Former Coast Guard cutter Storis headed to scrap yard

USCGC Storis serving during World War II.

USCGC Storis serving during World War II.

 

Attempts to save the Storis, once the longest-serving cutter in the U.S. Coast Guard, have failed and the ship will be stripped and sold for scrap metal — unless a last-ditch effort is successful.

The Coast Guard Cutter Storis is a 230′ WWII-era Coast Guard Cutter that served 64 years of active service from 1942-2007. The Storis was towed Oct. 25 from California and headed to Mexico, where is will be scrapped.

Fans of the historic cutter are hoping an environmental issue can save the vessel from being cut up for scrap. KMXT-radio reports historic preservations contend PCBs on the ship should keep it from being sent to Mexico.

PCBs were used in electrical systems, paint and heat shield applications but were banned in 1979 because of their toxicity and link to cancer. Marine historian Jon Ottman says the report used to clear the vessel for export may not have accounted for all PCBs on board.

The ship was built in 1942 and served during World War II. After the war, the Storis patrolled Alaska waters, and called both Juneau and Kodiak home. In 1957, she was the first U.S. flag-vessel to circumnavigate the North American Continent.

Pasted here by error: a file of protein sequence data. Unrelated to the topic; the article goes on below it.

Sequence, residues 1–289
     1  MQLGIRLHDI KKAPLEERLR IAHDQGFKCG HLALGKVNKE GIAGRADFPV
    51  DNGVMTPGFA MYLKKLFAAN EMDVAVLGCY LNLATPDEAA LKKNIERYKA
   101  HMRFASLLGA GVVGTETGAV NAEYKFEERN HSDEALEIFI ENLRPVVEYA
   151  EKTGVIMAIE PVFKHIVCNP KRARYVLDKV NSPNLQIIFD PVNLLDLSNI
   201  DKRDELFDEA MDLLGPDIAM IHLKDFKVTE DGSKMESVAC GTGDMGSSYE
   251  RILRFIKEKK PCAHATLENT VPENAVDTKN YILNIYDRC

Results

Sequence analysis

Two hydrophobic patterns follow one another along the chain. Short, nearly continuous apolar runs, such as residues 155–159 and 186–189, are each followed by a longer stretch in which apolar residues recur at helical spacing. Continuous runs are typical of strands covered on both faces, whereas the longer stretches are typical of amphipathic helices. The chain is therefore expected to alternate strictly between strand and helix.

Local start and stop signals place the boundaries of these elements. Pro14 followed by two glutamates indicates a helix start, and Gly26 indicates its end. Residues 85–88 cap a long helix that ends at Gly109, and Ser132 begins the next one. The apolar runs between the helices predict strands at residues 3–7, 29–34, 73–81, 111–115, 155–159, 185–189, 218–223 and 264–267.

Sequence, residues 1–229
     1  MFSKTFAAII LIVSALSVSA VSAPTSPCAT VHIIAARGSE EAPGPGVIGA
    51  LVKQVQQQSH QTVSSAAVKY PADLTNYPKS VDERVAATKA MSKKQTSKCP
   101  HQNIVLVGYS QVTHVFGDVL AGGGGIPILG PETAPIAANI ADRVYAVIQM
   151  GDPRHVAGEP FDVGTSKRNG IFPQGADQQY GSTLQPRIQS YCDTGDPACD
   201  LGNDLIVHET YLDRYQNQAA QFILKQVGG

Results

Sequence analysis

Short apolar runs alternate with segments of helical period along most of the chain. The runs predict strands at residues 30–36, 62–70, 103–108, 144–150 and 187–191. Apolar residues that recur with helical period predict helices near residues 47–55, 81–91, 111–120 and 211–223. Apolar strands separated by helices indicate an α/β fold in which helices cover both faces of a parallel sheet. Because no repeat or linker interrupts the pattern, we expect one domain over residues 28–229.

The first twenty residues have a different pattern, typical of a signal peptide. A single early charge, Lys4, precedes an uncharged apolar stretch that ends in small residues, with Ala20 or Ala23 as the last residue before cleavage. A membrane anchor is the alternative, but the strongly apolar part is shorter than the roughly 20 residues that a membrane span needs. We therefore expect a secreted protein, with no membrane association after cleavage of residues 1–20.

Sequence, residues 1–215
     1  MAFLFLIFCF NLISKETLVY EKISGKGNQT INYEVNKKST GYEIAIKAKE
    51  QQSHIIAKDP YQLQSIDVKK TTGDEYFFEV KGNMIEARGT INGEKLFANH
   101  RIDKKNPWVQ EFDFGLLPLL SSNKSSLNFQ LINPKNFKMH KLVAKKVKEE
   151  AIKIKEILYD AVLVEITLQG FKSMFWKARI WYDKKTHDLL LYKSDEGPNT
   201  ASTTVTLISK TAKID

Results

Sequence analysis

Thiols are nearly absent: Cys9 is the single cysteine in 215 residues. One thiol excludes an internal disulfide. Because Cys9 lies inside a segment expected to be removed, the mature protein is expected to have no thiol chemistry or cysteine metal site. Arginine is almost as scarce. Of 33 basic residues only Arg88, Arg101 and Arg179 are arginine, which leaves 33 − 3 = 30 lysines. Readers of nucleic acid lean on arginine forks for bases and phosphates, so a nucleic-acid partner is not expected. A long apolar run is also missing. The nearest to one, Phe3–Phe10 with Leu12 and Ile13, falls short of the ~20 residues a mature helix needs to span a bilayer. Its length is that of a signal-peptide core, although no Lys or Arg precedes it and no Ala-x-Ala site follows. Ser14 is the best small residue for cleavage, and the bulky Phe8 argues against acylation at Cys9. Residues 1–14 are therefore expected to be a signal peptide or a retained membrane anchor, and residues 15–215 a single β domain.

During her lifetime, she provided assistance to more than 100,000 people living in remote areas. Over her long and illustrious career, the USCGC Storis earned a total of 47 Unit Awards including a Presidential Unit Citation, the WWII Victory Medal, a Global War on Terrorism Service Medal and eight Arctic Service Medals.

The USCGC Storis in 2007.

The USCGC Storis in 2007.

According to www.thecutterstoris.info, an unofficial tribute website for Storis, her nicknames included: “Queen of the Fleet”, “Galloping Ghost of the Alaskan Coast”, “Bulldog of the Bering” and “Sore-Us.”

The Storis was decommissioned in 2007 and was auctioned by the General Service Administration last summer.

A nonprofit organization called Storis Museum attempted to save the ship from the scrapyard and turn it into a museum in either Juneau or where it was built, Toledo, Ohio.

“It’s a sad day for all of us who worked all over the United States, people were working to save the Storis. Unfortunately a lot of history and a great museum potential will be lost here,” said Joe Geldhof, a Juneau attorney and secretary for the group.

He said the organization doesn’t fault the businessmen who bought the ship but does say the General Service Administration “botched the disposal. They didn’t give nonprofits the opportunity to select the Storis before it was put on the scrap market.”

Likely the last image of the Storis intact as it is towed to a scrapyard in Mexico.

Likely the last image of the Storis intact as it is towed to a scrapyard in Mexico.

He said the organization will take its remaining funds to memorialize the ship and the crew members who served, likely with high-quality, museum grade models of the ship in Kodiak and possibly Juneau.

“We didn’t save the ship, but we’re working now to try to remember everybody who served on it and memorialize, to the extent we can, a wonderful ship that served the United States and the Coast Guard and the citizens of our country well,” Geldhof said.

Visit http://www.thecutterstoris.info to learn more and share your experiences of the Storis.

 

 

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